The median income for a household in the city was $28,124, and the median income for a family was $40,578. Males had a median income of $31,129 versus $23,391 for females. The per capita income for the city was $17,008. About 14.9% of families and 16.8% of the population were below the poverty line, including 24.5% of those under age 18 and 15.2% of those age 65 or over.
According to the 2000 census, 20.6% of Pawtucket residents are French or French-Canadian. Like nearby cities Providence, R.I., Fall River, Mass., and New Bedford, Mass., Pawtucket hosts a significant population from across the former Portuguese Empire (11.6%) plus an extremely significant Cape Verdean population. The segment from Cape Verde Islands was featured in this Zip Code USA article from National Geographic magazine.
Pawtucket is also one of the few areas of the United States with a significant Liberian population, mostly refugees from Charles Taylor's regime. Rhode Island has the highest per capita Liberian population in the country. Pawtucket has a high concentration of West Africans.
The City of Pawtucket has been supportive of the Arts Community since 1975, In 1998, the Rhode Island General Assembly passed a law creating a 307-acre Arts and Entertainment District in the City’s historic downtown . Over the past decades various organizations have been active in continuing that support of the local arts community and beyond.
In January, 1999, Herb Weiss, of the Planning Department, was hired to oversee the City’s newly created Arts District. Through the support of then Mayor James E. Doyle and Planning Department Michael Cassidy, Weiss brought significant recognition for Pawtucket-Arts oriented development strategy . Mayor Doyle and Arts Czar Weiss hired researcher Ann Galligan, of Northeastern University, to create an arts and cultural plan. Over the years Pawtucket has become known as a center for arts and culture .
The success of the works was seen in nationwide publicity in publications such as New York Times , The Wall Street Journal , Christen Scientist Monitor . Pawtucket even found itself named in Art Calendar’s “Ten Great Towns for Working Arts.”Pawtucket’s transformation into an arts community is chronicled in a 53 minute documentary in 2008, Pawtucket Rising, produced by Jason Caminiti, a Fall River film maker, documenting the City’s successful efforts in bringing artist and cultural activities to blighted areas Pawtucket Rising.
Each September, the city, in conjunction with the Pawtucket Arts Festival Board of Directors, members chosen from the community, produce an annual citywide Arts Festival . Former Mayor Doyle created the City’s month-long event. Much of the work implementing the vision of Mayor Doyle and growing this month-long Arts Festival was done by Herb Weiss. Weiss, among other awards, was honored as the inaugural winner of the “PAF Excellence Award” for his work as the "foremost ambassador for the arts and culture". James Doyle was the Pawtucket Foundation Heritage Award Winner for 2011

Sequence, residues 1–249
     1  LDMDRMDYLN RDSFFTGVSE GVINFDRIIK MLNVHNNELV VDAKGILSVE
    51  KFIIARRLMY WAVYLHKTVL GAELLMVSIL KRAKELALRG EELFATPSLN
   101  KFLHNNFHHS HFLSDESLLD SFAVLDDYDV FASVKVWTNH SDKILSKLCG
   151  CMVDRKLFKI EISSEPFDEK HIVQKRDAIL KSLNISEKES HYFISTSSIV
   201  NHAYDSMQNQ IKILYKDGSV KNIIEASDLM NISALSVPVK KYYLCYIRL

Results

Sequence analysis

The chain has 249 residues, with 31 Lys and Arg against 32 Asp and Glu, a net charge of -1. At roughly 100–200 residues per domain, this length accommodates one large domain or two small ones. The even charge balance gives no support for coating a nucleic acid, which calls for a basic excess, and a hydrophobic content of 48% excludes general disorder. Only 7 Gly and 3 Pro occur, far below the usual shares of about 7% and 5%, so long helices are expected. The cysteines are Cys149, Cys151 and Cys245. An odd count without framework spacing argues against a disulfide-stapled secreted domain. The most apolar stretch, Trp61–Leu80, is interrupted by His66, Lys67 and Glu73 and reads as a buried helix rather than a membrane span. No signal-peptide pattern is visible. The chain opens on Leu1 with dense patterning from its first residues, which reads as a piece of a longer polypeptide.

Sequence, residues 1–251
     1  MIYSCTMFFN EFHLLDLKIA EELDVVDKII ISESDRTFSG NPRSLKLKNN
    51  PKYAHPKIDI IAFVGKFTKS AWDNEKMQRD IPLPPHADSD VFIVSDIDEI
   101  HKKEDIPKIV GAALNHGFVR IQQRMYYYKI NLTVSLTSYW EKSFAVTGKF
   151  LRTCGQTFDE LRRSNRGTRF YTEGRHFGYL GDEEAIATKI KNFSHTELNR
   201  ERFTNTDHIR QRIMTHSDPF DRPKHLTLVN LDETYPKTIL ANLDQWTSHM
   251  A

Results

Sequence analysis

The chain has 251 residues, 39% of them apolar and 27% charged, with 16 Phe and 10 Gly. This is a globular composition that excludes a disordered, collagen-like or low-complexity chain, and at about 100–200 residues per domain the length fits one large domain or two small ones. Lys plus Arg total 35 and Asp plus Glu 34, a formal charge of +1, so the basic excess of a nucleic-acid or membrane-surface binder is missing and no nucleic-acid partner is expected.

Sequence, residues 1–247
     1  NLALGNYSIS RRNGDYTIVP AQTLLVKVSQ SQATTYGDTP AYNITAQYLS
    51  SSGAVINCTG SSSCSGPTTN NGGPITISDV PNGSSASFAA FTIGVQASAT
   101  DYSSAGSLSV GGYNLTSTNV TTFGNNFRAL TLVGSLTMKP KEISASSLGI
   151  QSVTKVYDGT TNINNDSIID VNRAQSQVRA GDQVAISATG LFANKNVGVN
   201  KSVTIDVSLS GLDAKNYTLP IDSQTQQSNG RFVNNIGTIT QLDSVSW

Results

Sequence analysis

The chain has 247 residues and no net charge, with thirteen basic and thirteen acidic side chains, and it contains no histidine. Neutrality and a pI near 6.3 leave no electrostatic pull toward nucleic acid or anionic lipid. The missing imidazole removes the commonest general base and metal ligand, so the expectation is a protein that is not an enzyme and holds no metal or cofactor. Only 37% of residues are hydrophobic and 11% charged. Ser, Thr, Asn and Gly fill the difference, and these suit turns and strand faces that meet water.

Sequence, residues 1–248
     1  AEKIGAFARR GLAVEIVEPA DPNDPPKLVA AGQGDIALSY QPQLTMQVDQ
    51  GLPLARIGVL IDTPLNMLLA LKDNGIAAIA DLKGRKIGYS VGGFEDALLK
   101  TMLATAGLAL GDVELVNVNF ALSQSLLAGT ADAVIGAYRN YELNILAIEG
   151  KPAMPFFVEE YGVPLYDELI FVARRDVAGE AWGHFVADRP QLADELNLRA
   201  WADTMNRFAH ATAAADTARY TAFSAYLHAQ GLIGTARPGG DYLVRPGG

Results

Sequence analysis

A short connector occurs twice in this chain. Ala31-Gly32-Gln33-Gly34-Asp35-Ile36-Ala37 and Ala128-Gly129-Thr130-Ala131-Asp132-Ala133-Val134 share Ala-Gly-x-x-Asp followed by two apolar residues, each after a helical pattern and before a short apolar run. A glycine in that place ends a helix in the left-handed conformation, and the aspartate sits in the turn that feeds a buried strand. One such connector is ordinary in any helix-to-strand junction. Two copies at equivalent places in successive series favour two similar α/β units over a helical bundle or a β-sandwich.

The American-French Genealogical Society was founded in Pawtucket in 1978.
On September 2, 1977, The Beach Boys performed a concert at Narragansett Park attended by 40,000 people, the largest concert audience in Rhode Island history. In 2017, music historians Al Gomes and Connie Watrous of Big Noise were successful in getting the street where the concert stage stood (the corner of 455 Narragansett Park Drive) officially renamed as "Beach Boys Way". 
Pawtucket is home to McCoy Stadium, where the Pawtucket Red Sox, the AAA affiliate/Minor League team of the Boston Red Sox, currently play. The team was owned by Ben Mondor until his death and was recently sold by his estate. The longest professional baseball game in history, 33 innings, was played at McCoy Stadium in 1981. Pawtucket has a history of professional baseball dating back to 1892, including the Pawtucket Indians. This rich and popular tradition will come to an end in 2021 when the Red Sox AAA affiliate is relocated to Worcester, Massachusetts
In 1934 the Narragansett Park opened for Thoroughbred horse racing. Until its closure in 1978, the track hosted several important races that drew some of the top horses from around the United States including Hall of Fame members; Seabiscuit, War Admiral and Gun Bow.
Public education in Pawtucket is directed by the Pawtucket School Department and contains these schools:
The Quality Hill section of Pawtucket is home to St. Raphael Academy. It is a private college preparatory school founded on the basis of St. John the Baptist de la Salle. "Saints" is a small school consisting of roughly 500 students with a student to teacher ratio of about 15:2. The "Saints and Lady Saints" are very successful in sports including baseball, football, basketball, and softball. St. Raphael Academy is a rival of William E. Tolman. They took part in a Thanksgiving Day football game that was played in McCoy Stadium for over 70 years. This game is no longer played, as William E. Tolman now competes annually against its fellow Pawtucket public high school Charles E. Shea, rather than against St. Raphael Academy, a private Catholic high school.
Pawtucket was home to Bishop Keough High School, a small all-girls catholic high school in the Fairlawn neighborhood.
The city also has three Catholic elementary schools: St. Cecilia School, St. Teresa School and Woodlawn Catholic Regional School.